Unfortunately, that means you'll need to back out of the deal. As defeated as you may feel, this doesn't mean the end of purchasing a home.
In fact, the National Association of Realtors indicated that roughly 18% of real estate contract delays come from appraisal issues, second only to financing issues. You aren't alone and will eventually find the right property,
Is There a Situation Where I Want the Appraisal to Come in High?
Yes, as stated at the beginning, an appraisal can occur during the home-buying process, or during refinancing.
It can be advantageous to hire an appraiser to reevaluate the worth of your home. After a few years or even months, your home may have appreciated in value.
Further, if you have put in considerable upgrades to the home, it will likely appraise higher. The higher the appraisal, the more equity that is placed in your home.
For example, if you offer $200,000 for the home, putting in a $20,000 down payment, you'll owe the remaining $180,000 plus fees to the bank. One fee is mortgage insurance, which the bank takes in case you default on your home.
Once you owe less than 78-80% of the home's total cost, you no longer have to pay mortgage insurance.
If you invest in meaningful upgrades to your home, you can hire an appraiser to evaluate how much the home's value has changed.
So, say the appraiser deems your home's value at $250,000, instead of at $200,000. You now owe less than 80% of the home's worth on your mortgage.
Of course, this wouldn't happen overnight. But the sooner you can invest in necessary home upgrades, the sooner you can cut off mortgage insurance and potentially refinance for a better loan rate.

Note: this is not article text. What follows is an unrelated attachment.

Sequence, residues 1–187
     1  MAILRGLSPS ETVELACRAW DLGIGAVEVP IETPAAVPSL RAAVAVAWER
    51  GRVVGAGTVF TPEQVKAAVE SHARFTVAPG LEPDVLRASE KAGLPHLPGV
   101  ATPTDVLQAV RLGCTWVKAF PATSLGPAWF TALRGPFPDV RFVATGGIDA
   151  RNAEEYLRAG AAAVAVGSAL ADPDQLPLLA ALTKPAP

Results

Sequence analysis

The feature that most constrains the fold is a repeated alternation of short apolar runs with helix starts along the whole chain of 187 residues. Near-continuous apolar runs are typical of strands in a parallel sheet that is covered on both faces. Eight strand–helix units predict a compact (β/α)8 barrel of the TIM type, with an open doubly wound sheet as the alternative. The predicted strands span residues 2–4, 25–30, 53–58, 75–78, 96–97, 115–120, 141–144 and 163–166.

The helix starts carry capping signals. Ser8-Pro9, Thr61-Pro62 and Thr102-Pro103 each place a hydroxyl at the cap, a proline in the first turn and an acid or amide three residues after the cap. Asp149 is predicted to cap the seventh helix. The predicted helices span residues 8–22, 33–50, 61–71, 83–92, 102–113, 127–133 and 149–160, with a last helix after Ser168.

How to Prepare for a Home Appraisal
If you're purchasing a home, there's little you need to do. Usually, the lender will schedule the appraiser and all you'll be required to do is pay the bill.
If you're selling your home, however, there are a number of things you can do to ensure your home is appraised as high as possible.
The first is to freshen up the home with a new coat of paint. Cabinets, walls, even ceilings can benefit from a fresh coat of paint, increasing the value of a home immensely.
Another way to increase the value of the home is to fix any minor repairs. This could be cracks in dry-wall, getting a stain out of the carpet, or replacing broken tiles or planks.
Finally, give the house a deep clean. This means go get the gutters looking spick and span, mow the lawn, dust all the nooks and all the crannies, and make your home smell and feel like a brand new home.
Even the tiniest of details can make a home come to life. Don't neglect anything when it comes to getting your home in order and ready for appraisal.
Go Forth and Purchase a Home With Confidence
If there's one thing you should take away, it's that the home appraisal process is meant to benefit you, either as a buyer or seller. As a buyer, you know what you're getting is worth the price you're paying.
And as the seller, you can ensure your home sells for what it's worth by putting in a little extra legwork. If you enjoyed this, keep checking our blog for more on homes and homeownership in the Raleigh area.